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Re: Soft Proofing Canon Premium Matte - Poor Profile?
« Reply #5 on: January 24, 2020, 07:18:19 pm »

Calibrated how? That's key:

 Why are my prints too dark?
A video update to a written piece on subject from 2013
In this 24 minute video, I'll cover:

Are your prints really too dark?
Display calibration and WYSIWYG
Proper print viewing conditions
Trouble shooting to get a match
Avoiding kludges that don't solve the problem

High resolution: http://digitaldog.net/files/Why_are_my_prints_too_dark.mp4
Low resolution: https://youtu.be/iS6sjZmxjY4
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Andrew Rodney
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Brookie

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Re: Soft Proofing Canon Premium Matte - Poor Profile?
« Reply #6 on: January 25, 2020, 10:19:08 am »

Andrew,
Thank you for directing me to your video - it is very informative and I see that you have many more videos I need to watch!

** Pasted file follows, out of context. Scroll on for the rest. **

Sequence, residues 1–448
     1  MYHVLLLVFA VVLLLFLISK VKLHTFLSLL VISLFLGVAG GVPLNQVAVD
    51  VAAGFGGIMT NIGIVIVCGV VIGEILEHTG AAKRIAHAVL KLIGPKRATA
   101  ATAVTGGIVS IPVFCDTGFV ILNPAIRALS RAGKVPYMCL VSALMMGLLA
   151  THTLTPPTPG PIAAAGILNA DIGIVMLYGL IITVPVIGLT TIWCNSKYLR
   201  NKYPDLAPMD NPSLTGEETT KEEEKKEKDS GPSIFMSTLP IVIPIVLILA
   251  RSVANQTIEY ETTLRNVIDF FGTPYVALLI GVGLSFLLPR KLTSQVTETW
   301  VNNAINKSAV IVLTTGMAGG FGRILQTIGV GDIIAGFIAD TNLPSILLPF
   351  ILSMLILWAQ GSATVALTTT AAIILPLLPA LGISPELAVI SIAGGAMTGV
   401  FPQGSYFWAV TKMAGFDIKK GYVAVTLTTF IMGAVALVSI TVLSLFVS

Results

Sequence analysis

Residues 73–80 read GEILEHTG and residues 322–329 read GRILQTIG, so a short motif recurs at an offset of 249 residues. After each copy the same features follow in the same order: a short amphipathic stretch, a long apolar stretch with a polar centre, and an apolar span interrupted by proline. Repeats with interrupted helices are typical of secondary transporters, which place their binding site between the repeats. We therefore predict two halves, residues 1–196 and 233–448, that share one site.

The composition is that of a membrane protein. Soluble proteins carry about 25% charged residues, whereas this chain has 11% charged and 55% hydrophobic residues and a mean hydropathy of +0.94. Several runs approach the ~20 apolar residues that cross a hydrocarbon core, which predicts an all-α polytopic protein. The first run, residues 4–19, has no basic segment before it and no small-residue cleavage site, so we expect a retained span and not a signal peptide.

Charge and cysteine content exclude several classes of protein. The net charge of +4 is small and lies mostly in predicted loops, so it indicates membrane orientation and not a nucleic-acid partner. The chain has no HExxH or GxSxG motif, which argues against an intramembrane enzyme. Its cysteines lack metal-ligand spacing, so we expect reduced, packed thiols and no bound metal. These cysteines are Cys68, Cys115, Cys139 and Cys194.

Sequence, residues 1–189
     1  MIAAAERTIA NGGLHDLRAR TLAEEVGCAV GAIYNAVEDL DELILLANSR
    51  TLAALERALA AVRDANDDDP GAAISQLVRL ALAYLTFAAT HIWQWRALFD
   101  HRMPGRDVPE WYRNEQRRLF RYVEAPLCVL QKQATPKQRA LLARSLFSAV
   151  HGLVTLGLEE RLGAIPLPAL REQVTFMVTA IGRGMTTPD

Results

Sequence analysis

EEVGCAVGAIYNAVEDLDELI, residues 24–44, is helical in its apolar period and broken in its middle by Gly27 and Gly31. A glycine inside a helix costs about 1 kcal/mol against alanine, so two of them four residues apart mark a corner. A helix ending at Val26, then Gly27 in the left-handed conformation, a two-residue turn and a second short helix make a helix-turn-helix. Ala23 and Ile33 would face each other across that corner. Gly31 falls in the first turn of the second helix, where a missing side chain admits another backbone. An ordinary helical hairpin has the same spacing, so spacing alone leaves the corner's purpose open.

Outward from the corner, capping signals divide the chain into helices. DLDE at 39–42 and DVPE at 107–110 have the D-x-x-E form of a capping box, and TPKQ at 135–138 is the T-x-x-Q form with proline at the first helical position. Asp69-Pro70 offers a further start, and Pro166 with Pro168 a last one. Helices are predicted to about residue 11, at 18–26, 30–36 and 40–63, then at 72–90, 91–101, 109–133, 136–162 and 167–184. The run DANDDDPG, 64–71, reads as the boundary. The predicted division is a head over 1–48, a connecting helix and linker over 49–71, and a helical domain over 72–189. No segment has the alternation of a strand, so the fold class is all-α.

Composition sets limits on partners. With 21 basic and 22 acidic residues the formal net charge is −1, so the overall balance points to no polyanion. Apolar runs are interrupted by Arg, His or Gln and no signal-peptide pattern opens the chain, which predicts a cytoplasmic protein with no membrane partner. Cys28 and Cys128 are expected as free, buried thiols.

That said, my situation is not that the print is too dark. Perhaps my OP did not clearly express the issue, so I will give it another try:

1 - I am using a BenQ 2700 monitor calibrated within the last 2 weeks using a Spyder5
2 - I am viewing my prints after drying using an Ott desk lamp near my monitor
3 - I am printing known test prints - Datacolorís for color and Northlightís for B+W
4 - I am printing from Lightroom
5 - I am initially viewing the image in LR Develop mode with soft proofing turned on and selecting the appropriate paper profile and I am NOT making any adjustments to the test images, just looking at them
6 - I am printing from LR Print mode after selecting the appropriate paper profile and I am NOT making any adjustment (e.g., the brightness and contrast sliders you point out as being kludges)
7 - when I Bought my printer I also bought some Canon paper - Pro Luster and Pro Premium Matte to get myself started
8 - I can make nice prints using the Luster but not the Matte